How to Find Great Early Chapter Books
Yesterday I started my new book list series, Early Chapter Books. This is an ongoing series to help parents fill the bookshelves of kids who have moved beyond easy readers but are not yet ready for middle grade chapter books. In many libraries, these books are labeled as “bridge” books, but there are also some wonderful choices which may be mixed in with general books (in the photo you see not all books are labeled “bridge”)
When Kiddo first started reading chapter books I spent a lot of time combing the library shelves and reading book review blogs looking for quality books. I always let Kiddo choose his own books, but that doesn’t mean I don’t put
a few a lot of books right under his nose. If I didn’t he would be reading nothing but sports facts (not that there’s anything wrong with that!).
I admit I’m not a literacy expert, but as an interested parent, I have learned a few tips about choosing books during my hours at the library.
Tips from a Parent:
None of these tips are set-in-stone rules, but if you’re having trouble finding age appropriate books at the early chapter books reading level, keep in mind a few of my general guidelines:
- A good clue is the age of the protagonist. Is the main character the same age as your child? If so, then likely the book is a good match. Make allowances for children who learn to read at a late age.
- Size of type. Books with larger fonts are geared towards younger children.
- Density of illustrations. The more illustrations the younger the audience. This does not apply to all books, of course. Graphic novels are the exception as well as a new crop of books based on the Wimpy Kid model. Illustration-heavy books are good choices for reluctant readers.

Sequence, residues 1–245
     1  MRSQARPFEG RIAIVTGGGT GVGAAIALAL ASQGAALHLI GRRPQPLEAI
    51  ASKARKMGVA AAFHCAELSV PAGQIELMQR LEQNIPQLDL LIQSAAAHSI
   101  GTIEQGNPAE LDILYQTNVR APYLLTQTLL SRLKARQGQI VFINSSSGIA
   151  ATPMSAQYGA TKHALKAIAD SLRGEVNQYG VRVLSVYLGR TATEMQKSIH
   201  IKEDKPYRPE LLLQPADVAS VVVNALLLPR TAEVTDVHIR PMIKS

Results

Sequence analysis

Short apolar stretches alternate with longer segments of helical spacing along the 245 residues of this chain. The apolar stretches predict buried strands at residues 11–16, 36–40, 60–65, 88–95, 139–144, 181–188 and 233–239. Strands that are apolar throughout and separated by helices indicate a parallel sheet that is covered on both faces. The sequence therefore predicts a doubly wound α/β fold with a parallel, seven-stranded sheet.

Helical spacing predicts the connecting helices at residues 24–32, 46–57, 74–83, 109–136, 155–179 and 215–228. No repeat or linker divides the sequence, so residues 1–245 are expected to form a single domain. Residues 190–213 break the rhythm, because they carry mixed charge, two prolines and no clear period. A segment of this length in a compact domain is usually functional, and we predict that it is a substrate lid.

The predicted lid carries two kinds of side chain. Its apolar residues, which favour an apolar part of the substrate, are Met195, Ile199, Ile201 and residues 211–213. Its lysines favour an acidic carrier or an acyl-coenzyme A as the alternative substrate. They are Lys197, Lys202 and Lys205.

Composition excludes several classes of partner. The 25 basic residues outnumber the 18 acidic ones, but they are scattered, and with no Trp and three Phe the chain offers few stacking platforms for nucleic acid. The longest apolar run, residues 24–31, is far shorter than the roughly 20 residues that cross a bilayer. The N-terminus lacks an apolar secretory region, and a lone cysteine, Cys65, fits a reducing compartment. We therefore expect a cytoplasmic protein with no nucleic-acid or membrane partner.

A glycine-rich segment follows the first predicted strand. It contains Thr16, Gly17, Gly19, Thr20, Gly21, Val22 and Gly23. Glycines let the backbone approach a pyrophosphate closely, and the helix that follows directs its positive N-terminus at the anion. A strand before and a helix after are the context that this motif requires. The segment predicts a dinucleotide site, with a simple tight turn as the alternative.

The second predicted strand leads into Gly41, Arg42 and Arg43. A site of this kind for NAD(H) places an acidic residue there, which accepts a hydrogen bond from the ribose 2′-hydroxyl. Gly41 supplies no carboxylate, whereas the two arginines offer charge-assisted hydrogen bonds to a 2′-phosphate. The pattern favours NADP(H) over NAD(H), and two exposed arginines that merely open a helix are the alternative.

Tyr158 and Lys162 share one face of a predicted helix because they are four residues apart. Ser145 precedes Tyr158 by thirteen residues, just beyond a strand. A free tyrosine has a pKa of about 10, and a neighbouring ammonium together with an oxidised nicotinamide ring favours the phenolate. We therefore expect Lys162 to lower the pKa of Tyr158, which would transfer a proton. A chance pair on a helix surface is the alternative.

- Color illustrations usually indicate an easier reading level. Easy readers have color illustrations, as do many transitional chapter books like Rabbit and Robot: The Sleepover.
- Length of book. Most early chapter books are 100 or fewer pages.
- If you find an author you like, look for more of their books. Authors often write multiple books for the same reading level.
- Kids naturally self-censor. If a books is too difficult, they will put it down.
Don’t forget: Most early chapter books are labeled for kids ages 5-8, but every child learns to read at a different rate and what might have been a good independent reading choice for my child at the age of 5, might still be too difficult for your 7 year old.
If you find your child has started reading a book that is too challenging for him, don’t despair! Simply choose a new book or read it along with him. Kids will resist reading if you push them too hard (in my experience).
If you’re still having difficulty finding appropriate books use my fail-safe technique: ask a librarian!
Do you have any tips to add? Leave them in the comments below so we can all share and learn!
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